Yeah. So one example that comes to mind and there are so many but one of them that comes to mind that I really see commonly is a physician innovator who has worked in a health care system for a number of years and of course is able to identify problems everywhere. And they decide that they’re going to embark upon this journey of entrepreneurship and solve the problems that they themselves have been facing and feel really strongly that their colleagues have been facing as well. And so it’s just kind of a no-brainer business for them to get into. And some of them this one particular one I’m going to talk about is someone that’s still a full-time physician. So they’re doing the business on the side and pouring their heart and soul into building the solution. And unfortunately, they have been building the product for four years now without any strategy, without any consideration for demand or an ROI. And it’s kind of turned into a hobby. And so one of the ways that we’ve helped them is to be able to have a very candid conversation about, listen, you need to really ask yourself, is this a hobby or is this a business? Because those are two different things. What are we doing here and how much money do you want to continue to pour into this labor of love? And as we kind of look under the hood, we’re able to see that there ten or more products that have been kind of all rolled into one, but now it’s just going to take us time to unwind that and figure out which of those features and functionality are most viable and the highest priority to go to market with now. And so just being able to stop the bleeding, if you will, from that just continuous product development and really being, like I said, transparent and candid about these biases that we were talking about earlier and trying to help them get out of their own way.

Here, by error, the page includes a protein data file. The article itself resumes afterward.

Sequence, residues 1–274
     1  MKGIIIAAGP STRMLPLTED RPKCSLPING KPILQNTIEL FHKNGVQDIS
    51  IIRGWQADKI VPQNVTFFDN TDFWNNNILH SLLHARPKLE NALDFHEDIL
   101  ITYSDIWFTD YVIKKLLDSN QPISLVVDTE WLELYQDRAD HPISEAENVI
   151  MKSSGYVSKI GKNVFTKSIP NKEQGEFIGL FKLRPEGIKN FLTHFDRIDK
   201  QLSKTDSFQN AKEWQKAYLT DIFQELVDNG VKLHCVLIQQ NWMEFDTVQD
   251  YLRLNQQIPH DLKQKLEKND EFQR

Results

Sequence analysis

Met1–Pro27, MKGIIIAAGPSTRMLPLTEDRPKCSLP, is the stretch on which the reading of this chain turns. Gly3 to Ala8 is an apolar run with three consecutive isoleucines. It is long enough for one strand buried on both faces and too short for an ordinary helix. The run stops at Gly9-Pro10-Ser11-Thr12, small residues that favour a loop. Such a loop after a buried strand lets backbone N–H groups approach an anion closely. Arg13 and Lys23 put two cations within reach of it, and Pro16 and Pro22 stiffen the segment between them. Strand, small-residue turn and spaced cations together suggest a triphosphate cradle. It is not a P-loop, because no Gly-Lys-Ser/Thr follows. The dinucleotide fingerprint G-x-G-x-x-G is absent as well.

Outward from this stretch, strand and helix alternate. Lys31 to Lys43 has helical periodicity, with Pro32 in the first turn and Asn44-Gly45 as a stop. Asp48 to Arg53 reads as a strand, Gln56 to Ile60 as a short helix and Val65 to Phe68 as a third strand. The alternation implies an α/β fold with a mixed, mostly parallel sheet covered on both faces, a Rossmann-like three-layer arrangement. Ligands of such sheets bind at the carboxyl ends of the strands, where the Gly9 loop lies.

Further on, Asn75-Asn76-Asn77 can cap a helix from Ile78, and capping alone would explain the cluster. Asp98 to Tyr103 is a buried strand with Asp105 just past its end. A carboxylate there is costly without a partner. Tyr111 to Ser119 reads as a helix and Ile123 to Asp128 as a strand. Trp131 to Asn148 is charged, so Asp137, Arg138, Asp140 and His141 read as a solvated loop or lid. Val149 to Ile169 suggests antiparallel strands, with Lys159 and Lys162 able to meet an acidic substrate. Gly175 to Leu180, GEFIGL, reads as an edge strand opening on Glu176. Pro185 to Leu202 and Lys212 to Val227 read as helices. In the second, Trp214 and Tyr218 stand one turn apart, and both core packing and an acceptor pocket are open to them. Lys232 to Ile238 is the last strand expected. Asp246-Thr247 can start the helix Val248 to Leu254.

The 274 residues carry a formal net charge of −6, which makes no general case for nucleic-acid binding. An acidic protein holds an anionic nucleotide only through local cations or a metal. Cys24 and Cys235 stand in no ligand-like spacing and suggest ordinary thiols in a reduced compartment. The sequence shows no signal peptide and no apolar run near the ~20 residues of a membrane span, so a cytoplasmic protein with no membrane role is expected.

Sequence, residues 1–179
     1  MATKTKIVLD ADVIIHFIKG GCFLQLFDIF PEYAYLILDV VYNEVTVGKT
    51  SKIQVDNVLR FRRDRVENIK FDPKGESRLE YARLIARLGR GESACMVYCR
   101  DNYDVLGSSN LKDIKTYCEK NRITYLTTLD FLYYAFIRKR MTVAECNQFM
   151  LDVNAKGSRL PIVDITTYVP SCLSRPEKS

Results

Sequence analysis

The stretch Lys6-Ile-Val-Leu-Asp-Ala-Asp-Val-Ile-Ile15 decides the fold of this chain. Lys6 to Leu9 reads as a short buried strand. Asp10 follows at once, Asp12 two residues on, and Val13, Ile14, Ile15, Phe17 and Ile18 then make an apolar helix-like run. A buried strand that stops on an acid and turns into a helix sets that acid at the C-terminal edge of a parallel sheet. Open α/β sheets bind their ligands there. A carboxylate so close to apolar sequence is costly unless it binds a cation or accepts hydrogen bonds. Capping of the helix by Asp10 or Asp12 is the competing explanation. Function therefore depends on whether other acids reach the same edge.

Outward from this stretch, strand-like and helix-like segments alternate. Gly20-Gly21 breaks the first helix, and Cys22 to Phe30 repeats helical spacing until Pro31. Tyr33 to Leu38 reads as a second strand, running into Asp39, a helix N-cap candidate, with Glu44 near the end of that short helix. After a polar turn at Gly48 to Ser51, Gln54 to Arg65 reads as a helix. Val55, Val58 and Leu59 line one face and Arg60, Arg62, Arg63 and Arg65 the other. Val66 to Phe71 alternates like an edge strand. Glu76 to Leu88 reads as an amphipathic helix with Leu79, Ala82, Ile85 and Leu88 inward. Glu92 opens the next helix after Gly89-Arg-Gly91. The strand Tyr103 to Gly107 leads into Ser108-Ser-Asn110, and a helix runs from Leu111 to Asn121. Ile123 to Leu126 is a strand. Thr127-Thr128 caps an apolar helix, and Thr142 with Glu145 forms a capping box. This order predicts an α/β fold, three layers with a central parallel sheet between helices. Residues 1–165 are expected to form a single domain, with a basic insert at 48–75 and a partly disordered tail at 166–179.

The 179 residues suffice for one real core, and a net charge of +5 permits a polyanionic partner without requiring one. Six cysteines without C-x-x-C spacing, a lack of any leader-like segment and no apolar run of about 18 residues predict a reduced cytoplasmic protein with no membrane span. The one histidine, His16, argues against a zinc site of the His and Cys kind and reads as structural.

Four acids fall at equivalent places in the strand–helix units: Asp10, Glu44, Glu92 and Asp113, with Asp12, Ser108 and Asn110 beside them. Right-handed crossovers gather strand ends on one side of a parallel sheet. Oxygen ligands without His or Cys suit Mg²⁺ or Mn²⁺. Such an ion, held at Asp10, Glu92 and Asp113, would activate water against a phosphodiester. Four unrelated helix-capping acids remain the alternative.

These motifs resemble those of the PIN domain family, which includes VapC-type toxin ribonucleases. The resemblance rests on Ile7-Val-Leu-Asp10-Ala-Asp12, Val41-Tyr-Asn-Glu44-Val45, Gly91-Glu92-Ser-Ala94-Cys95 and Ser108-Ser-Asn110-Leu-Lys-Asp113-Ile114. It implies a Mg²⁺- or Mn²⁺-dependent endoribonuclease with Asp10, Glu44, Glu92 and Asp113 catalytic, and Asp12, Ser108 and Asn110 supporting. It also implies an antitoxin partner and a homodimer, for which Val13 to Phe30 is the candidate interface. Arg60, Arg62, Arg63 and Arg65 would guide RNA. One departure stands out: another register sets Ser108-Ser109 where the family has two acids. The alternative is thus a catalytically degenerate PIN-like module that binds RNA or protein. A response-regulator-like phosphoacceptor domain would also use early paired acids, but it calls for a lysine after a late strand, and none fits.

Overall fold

Saul Marquez:
Yeah, that’s a great example. And it happens all too often. And it’s important. If you’re on the stage, you know, if you’re listening to this and you’re in that stage right now, that development stage and you still don’t know your product-market fit, definitely something to consider legacy DNA for. By the way. Tell me about the name Legacy DNA.

Roxie Mooney: